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Key to families | Table of families and genera

Specimen numbers are hyperlinked to records in the Consortium of California Herbaria data view where possible. Taxa are hyperlinked to entries in the Jepson Interchange via the "[Online Interchange]" link.



Alan R. Smith

Perennial herb, in soil or rock crevices; rhizome generally short-creeping, suberect, or erect, scales large, generally tan to brown, generally uniformly colored. Leaf: generally tufted, 5–200+ cm, generally ± alike; stipe generally firm, base generally darker, with many vascular strands; blade 1–4-pinnate, often with scales, hair-like scales, hairs (except clear, needle-like hairs generally 0), or short-stalked glands on axes, between veins or not, veins free to netted; rachis, costa generally grooved adaxially. Sporangia: sori round, along veins; indusia peltate or round-reniform; spores elliptic, winged, ridged, or spiny, scar linear.
± 40–45 genera, > 1600 species: worldwide, especially tropics, wooded areas. [Schuettpelz & Pryer 2007 Taxon 56:1037–1050; Smith et al. 2006 Taxon 55:705–731] Based on molecular sequence data, Athyrium, Cystopteris, Woodsia removed to Woodsiaceae to preserve a monophyletic Dryopteridaceae. —Scientific Editor: Thomas J. Rosatti.
Unabridged references: [Smith, A.R. et al. 2006. A classification for extant ferns. Taxon 55:705–731; Schuettpelz, E. and K.M. Pryer 2007. Fern phylogeny inferred from 400 leptosporangiate species and three plastid genes. Taxon 56: 1037–1050.]
Unabridged note: Current data (as reported by Schuettpelz & Pryer and in papers cited therein) suggest that Wooodsiaceae is paraphyletic (with respect to Aspeniaceae, Blechnaceae, and Thelypteridaceae), yet are insufficient to resolve the questions of circumscription (too few taxa, not enough genes sampled). Alternative classifications that would preserve monophyly include recognition of several additional, small families (e.g., Cystopteridaceae, Athyriaceae, and others not in California, each comprising just a few genera) or lumping at least 4 currently recognized families, many of long-standing use and acceptance; a conservative and expedient course is taken for now (Smith et al. 2006), pending further work.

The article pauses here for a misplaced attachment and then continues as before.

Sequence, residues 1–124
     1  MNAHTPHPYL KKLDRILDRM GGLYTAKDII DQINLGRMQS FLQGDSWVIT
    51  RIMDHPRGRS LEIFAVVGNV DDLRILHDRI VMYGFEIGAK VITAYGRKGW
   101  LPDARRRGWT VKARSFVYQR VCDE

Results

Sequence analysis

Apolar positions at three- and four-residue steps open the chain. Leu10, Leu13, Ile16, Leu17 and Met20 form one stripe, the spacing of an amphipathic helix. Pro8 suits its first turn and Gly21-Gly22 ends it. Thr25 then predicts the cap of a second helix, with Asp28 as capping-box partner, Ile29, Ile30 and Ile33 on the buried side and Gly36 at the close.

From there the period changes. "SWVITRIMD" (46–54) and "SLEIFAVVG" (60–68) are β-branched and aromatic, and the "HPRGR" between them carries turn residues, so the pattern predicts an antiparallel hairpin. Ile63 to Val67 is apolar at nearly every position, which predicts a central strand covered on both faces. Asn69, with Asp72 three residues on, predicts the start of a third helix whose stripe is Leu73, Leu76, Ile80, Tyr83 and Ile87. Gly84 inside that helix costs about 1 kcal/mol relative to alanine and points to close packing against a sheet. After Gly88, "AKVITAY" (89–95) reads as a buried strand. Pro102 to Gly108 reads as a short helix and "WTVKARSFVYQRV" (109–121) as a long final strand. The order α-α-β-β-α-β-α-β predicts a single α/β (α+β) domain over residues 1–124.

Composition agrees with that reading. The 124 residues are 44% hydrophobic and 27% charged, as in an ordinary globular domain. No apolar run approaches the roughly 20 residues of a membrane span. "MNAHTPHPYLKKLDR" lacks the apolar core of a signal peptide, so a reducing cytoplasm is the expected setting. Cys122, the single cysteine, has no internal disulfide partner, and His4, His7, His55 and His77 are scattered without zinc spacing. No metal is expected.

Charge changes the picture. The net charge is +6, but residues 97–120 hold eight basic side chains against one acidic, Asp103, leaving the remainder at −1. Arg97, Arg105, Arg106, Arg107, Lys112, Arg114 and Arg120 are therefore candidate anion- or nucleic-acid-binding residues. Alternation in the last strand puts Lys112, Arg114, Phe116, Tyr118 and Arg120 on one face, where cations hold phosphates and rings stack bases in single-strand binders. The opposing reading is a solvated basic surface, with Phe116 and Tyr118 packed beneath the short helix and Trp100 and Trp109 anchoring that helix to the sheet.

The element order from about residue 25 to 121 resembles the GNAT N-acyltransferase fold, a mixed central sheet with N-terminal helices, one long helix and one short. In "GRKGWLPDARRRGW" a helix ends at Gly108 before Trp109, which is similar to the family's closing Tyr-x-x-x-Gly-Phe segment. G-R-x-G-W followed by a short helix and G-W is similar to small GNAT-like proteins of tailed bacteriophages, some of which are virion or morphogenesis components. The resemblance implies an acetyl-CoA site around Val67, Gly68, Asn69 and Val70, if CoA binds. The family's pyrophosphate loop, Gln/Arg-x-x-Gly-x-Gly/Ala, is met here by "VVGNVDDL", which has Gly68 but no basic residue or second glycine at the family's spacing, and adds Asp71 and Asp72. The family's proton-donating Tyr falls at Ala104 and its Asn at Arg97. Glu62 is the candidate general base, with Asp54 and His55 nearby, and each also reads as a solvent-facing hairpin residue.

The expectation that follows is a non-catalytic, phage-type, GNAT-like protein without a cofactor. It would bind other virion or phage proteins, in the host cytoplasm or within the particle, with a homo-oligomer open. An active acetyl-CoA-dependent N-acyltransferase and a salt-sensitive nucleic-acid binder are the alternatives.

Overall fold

Key to Dryopteridaceae

1. Indusium round-reniform, ± centrally attached at a sinus ..... DRYOPTERIS

1' Indusium peltate, centrally attached, without a sinus

2. Veins regularly netted; leaf 1-pinnate, teeth 0 or < 10 mm, without bristle-like tips ..... CYRTOMIUM

2' Veins generally free, rarely ± joined; leaf 1–3-pinnate, teeth, generally including bristle-like tips, < 4 mm ..... POLYSTICHUM


Citation for the whole project: Jepson Flora Project (eds.) [year] Jepson eFlora, [accessed on month, day, year]
Citation for an individual treatment: [Author of taxon treatment] [year]. [Taxon name] in Jepson Flora Project (eds.) Jepson eFlora, [URL for treatment]. Accessed on [month, day, year].
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